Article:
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Representing the Law in the Most Serene Republic:
Images of Authority from Renaissance Venice
September 20 through December 15, 2016
Rare Book Exhibition Gallery, Lillian Goldman Law Library, Yale Law School, New Haven
The Venetian Republic, a prosperous and powerful state in Renaissance Europe, cultivated a
mythical image of stability, liberty, and beauty. This image-making is celebrated in a new Yale
Law Library exhibition, "Representing the Law in the Most Serene Republic: Images of
Authority from Renaissance Venice," on view from September 20 through December 15, 2016.
Drawing primarily on the outstanding collection of Italian law books in the Yale Law Library's
Rare Book Collection, the exhibition features 25 objects of remarkable splendor and historical
significance. These include illuminated manuscripts, illustrated books, prints, drawings, coins,
and medals, eight of which are on loan from the Yale University Art Gallery and three
reproduced from an exceptional Renaissance album of watercolors in the Beinecke Library.
During the fifteenth and sixteenth centuries, Venice played a central role in the political and
economic affairs of Europe, ruling an empire that extended from northern Italy, down the
Adriatic, to the eastern Mediterranean. By the year 1500, Venice could claim that it had been a
sovereign republic for more than a millennium. Indeed, the city was so highly esteemed for its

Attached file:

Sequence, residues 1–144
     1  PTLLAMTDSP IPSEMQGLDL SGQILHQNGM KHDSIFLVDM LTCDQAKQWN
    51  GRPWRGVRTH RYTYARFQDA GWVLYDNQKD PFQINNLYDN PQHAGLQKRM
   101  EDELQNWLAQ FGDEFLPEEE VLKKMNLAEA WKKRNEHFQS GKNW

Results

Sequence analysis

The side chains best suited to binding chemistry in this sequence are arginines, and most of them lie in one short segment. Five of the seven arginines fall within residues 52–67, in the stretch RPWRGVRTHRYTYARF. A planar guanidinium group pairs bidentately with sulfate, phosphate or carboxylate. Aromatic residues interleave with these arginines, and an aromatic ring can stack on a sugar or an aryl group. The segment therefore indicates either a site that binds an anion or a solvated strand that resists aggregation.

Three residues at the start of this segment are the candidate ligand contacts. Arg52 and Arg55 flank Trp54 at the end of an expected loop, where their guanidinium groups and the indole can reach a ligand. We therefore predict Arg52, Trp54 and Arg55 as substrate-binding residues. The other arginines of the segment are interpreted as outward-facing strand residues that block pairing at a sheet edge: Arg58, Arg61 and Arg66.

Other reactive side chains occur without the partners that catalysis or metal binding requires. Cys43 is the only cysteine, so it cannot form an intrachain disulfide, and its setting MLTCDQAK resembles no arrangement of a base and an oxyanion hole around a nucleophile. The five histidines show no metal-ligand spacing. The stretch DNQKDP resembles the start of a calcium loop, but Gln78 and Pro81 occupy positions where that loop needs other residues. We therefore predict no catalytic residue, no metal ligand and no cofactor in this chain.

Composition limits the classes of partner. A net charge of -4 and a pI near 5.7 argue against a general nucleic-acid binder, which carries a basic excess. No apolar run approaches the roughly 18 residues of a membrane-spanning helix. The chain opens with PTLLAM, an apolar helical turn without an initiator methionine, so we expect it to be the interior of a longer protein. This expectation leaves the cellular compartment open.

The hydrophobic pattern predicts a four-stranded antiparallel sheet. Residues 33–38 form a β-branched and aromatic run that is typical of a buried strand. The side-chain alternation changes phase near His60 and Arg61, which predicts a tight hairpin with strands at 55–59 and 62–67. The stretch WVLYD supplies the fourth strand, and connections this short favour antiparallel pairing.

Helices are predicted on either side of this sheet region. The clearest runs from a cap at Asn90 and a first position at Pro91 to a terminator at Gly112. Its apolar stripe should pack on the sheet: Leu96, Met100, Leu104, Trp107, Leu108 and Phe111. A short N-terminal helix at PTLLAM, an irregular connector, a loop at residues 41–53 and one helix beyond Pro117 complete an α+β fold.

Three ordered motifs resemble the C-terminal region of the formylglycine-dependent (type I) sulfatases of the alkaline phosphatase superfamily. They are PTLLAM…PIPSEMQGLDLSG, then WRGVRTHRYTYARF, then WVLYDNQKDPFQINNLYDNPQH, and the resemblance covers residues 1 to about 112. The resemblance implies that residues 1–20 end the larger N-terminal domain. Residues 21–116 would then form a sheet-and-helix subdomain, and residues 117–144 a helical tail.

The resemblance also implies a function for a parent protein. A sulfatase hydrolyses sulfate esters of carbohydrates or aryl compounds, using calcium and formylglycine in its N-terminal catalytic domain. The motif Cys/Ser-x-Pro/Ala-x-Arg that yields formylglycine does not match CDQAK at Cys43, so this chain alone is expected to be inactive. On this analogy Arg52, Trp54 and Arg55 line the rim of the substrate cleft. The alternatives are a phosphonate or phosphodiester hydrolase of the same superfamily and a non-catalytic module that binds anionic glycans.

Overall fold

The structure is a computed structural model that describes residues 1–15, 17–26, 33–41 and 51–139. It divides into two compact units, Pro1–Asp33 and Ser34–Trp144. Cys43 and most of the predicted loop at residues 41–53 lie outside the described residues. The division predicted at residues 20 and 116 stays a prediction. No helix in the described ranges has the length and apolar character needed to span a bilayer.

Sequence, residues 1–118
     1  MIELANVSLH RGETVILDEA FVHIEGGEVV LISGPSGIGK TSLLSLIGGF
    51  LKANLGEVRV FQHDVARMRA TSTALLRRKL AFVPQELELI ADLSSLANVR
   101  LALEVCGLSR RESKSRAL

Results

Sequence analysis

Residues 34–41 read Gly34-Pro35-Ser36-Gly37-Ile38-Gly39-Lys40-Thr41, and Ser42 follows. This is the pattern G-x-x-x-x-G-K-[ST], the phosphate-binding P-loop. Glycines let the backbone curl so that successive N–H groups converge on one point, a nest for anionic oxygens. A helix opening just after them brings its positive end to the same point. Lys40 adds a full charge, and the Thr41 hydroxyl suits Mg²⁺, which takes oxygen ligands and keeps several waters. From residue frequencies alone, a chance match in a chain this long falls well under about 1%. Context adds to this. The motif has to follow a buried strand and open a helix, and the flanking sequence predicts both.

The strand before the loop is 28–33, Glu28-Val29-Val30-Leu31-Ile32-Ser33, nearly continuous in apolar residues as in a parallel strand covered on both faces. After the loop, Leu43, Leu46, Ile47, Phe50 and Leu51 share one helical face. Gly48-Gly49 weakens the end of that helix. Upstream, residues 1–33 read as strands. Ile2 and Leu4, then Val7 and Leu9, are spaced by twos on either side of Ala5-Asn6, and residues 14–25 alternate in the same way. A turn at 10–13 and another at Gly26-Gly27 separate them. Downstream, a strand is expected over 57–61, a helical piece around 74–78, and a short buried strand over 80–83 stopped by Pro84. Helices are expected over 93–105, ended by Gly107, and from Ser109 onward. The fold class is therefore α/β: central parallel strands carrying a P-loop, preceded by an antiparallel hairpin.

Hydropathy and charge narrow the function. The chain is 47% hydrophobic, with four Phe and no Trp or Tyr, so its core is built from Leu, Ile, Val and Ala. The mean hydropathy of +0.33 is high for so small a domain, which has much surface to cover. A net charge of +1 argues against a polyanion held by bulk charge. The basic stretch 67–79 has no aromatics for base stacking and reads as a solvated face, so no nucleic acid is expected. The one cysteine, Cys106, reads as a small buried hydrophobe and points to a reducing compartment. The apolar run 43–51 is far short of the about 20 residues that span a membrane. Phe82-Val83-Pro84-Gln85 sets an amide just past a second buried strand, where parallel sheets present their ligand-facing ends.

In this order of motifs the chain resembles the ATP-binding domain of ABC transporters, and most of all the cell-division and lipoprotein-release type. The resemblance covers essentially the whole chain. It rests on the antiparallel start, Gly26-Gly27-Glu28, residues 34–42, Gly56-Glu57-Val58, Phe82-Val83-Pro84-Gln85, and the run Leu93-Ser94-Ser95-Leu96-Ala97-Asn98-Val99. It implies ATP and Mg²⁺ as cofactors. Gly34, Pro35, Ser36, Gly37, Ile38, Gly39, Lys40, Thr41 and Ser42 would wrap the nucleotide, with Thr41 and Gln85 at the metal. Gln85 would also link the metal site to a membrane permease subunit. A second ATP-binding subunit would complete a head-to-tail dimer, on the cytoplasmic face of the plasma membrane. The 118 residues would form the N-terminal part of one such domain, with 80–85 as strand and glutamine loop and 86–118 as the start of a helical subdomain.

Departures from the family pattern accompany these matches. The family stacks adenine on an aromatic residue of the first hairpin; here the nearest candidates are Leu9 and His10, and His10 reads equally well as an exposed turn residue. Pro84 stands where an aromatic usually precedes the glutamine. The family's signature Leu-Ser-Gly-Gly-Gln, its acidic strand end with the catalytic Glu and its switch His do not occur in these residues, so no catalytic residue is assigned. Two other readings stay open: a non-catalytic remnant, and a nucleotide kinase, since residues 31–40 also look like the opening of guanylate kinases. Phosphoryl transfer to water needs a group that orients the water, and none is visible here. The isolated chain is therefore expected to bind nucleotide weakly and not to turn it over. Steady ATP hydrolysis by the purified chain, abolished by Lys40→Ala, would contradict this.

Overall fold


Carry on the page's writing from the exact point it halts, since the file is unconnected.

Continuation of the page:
stable government, selfless leaders, and free citizens that it came to be known as "La
Serenissima," the Most Serene Republic.
The exhibition introduces the significant offices and symbols of the Venetian state, and explains
how laws were crafted, debated, publicized, and broken. Its protagonists are the doge and highest
magistrates of Venice, the governors appointed to rule the Republic’s territories, the lawmakers
in the Senate, and the lawbreakers consigned to prison or the galleys—all of them illustrated in
finely executed illuminations, drawings, prints, and numismatic portraits.
The exhibition is curated by Christopher Platts (History of Art, Yale University) and Michael
Widener (Rare Book Librarian, Yale Law Library).
“Representing the Law in the Most Serene Republic” is on view daily through December 15,
2016, in the Rare Book Exhibition Gallery, located on Level L2 of the Lillian Goldman Law
Library, Yale Law School (127 Wall Street, New Haven, CT). The exhibition is accompanied by
an online exhibition <http://www.flickr.com/photos/yalelawlibrary/sets/72157636845012106>, a
catalogue, and periodic excerpts in the Yale Law Library Rare Books Blog,
For more information, contact Mike Widener at (203) 432-4494 or firstname.lastname@example.org, or
Christopher Platts at (301) 332-5200 or email@example.com.